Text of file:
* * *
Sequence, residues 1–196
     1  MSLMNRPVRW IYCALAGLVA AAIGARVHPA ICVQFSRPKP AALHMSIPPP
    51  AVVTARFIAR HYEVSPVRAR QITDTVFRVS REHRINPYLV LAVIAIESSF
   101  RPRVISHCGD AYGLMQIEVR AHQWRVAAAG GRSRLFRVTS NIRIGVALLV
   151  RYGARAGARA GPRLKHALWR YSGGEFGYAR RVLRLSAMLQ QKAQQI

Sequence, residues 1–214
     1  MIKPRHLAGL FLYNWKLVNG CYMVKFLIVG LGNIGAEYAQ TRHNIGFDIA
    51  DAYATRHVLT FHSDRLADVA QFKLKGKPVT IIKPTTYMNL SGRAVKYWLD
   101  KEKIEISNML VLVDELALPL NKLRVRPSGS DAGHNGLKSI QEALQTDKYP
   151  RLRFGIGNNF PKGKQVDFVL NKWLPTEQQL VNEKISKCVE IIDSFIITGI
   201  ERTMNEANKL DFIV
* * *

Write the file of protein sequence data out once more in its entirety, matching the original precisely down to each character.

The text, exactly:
Sequence, residues 1–196
     1  MSLMNRPVRW IYCALAGLVA AAIGARVHPA ICVQFSRPKP AALHMSIPPP
    51  AVVTARFIAR HYEVSPVRAR QITDTVFRVS REHRINPYLV LAVIAIESSF
   101  RPRVISHCGD AYGLMQIEVR AHQWRVAAAG GRSRLFRVTS NIRIGVALLV
   151  RYGARAGARA GPRLKHALWR YSGGEFGYAR RVLRLSAMLQ QKAQQI

Sequence, residues 1–214
     1  MIKPRHLAGL FLYNWKLVNG CYMVKFLIVG LGNIGAEYAQ TRHNIGFDIA
    51  DAYATRHVLT FHSDRLADVA QFKLKGKPVT IIKPTTYMNL SGRAVKYWLD
   101  KEKIEISNML VLVDELALPL NKLRVRPSGS DAGHNGLKSI QEALQTDKYP
   151  RLRFGIGNNF PKGKQVDFVL NKWLPTEQQL VNEKISKCVE IIDSFIITGI
   201  ERTMNEANKL DFIV